Into the Badlands
(AMC) Premieres Sunday, Nov. 15: For being one of the few new series not based on a comic book, martial-arts actioner Into the Badlands certainly looks like one: Bullet-biking warrior Sunny (Daniel Wu) kicks ass and sheds blood across a future America ruled by seven warlords, like Kung-Fu (Wiki it) meets Mad Max with a Tarantino twist (the producers of Django Unchained and Pulp Fiction are involved, after all). If Walking Dead viewers don't stick around for this, I don't know what the hell's going on anymore.
The Man in the High Castle
(Amazon Prime) Premieres Friday, Nov. 20: In an alternate universe where the Germans won World War II, early-'60s U.S.A. is halved into the Greater Nazi Reich and the Japanese Pacific States—yes, of course there's an underground resistance working to take back 'Merica, silly. The Man in the High Castle's production and attention to detail is impressive, bringing the 1962 Phillip K. Dick to full-blown life even as the lead actors appear lifeless (could have done better than Pretty Little Liars' Luke Kleintank and Mob City's Alexa Davalos, Ridley Scott).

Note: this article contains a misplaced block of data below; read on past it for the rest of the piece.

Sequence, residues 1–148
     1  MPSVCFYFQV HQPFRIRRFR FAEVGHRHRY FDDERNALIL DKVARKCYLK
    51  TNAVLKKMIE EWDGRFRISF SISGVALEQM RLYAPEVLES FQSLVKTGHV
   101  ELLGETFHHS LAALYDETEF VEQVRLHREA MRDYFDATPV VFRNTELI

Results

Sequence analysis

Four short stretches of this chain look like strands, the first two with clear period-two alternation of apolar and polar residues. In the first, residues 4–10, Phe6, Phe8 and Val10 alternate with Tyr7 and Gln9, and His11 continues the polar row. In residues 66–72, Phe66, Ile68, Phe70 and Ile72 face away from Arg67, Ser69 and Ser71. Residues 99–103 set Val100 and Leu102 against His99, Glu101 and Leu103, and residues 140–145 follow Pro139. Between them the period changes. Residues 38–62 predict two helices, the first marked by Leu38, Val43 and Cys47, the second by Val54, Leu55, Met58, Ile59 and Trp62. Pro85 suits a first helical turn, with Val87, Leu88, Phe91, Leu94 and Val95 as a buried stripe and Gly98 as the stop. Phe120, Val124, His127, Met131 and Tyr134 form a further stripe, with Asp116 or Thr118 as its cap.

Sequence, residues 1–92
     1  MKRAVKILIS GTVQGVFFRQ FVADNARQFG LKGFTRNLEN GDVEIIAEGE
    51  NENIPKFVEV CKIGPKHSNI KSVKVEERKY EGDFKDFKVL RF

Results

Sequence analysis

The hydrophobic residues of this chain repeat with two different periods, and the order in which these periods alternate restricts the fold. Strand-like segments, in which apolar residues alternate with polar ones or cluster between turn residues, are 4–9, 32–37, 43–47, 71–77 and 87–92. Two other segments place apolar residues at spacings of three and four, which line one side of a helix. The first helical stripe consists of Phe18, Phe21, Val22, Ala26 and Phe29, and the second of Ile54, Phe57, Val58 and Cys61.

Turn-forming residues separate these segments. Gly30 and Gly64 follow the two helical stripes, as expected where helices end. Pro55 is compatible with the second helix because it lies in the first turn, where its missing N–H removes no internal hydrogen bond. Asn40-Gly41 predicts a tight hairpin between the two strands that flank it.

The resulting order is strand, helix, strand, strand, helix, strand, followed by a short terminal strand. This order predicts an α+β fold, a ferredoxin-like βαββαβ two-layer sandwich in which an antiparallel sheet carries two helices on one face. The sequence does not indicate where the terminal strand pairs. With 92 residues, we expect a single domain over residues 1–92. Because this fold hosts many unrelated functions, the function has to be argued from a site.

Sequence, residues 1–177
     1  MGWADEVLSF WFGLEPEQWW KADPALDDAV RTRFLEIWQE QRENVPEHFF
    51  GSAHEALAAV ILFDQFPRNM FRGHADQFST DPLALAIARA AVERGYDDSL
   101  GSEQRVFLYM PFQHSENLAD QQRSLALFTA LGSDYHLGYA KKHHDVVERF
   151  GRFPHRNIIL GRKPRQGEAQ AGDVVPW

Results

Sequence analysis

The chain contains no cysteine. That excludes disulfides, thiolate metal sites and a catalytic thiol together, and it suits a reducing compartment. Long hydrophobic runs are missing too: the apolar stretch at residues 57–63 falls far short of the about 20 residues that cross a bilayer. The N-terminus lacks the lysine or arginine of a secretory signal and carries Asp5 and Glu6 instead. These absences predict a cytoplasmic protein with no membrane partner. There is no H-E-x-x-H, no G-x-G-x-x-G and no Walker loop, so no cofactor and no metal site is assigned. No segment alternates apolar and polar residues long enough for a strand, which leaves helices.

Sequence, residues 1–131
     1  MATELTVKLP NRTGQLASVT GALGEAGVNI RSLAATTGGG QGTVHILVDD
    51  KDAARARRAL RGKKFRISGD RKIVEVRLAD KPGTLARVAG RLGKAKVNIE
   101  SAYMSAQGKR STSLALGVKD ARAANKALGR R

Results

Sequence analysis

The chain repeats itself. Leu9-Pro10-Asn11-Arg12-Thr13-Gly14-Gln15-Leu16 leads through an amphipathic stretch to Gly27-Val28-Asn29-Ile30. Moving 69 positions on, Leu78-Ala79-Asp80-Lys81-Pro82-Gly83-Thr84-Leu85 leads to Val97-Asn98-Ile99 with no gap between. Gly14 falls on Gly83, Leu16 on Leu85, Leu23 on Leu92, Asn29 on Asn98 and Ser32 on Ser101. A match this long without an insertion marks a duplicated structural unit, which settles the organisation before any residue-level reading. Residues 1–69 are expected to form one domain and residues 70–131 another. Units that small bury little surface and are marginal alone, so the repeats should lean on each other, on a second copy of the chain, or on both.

(Syfy) Premieres Monday, Dec. 14: Syfy's ambitious new The Expanse could either be the network's next Battlestar Galactica (a long-running, critically acclaimed, fan-beloved landmark) or its next Ascension (none of the above). Set 200 years in a future where humans have colonized the entire solar system, dwarf-planet detective Josephus Miller (Thomas Jane) sets out searching for a missing woman (Florence Faivre) but inadvertently uncovers a vast conspiracy—and it is vast, because, you know, it's the entire solar system. The Expanse, based on a book series that's essentially Game of Thrones in space, will likely be more of a Galactica than an Ascension.
The Bastard Executioner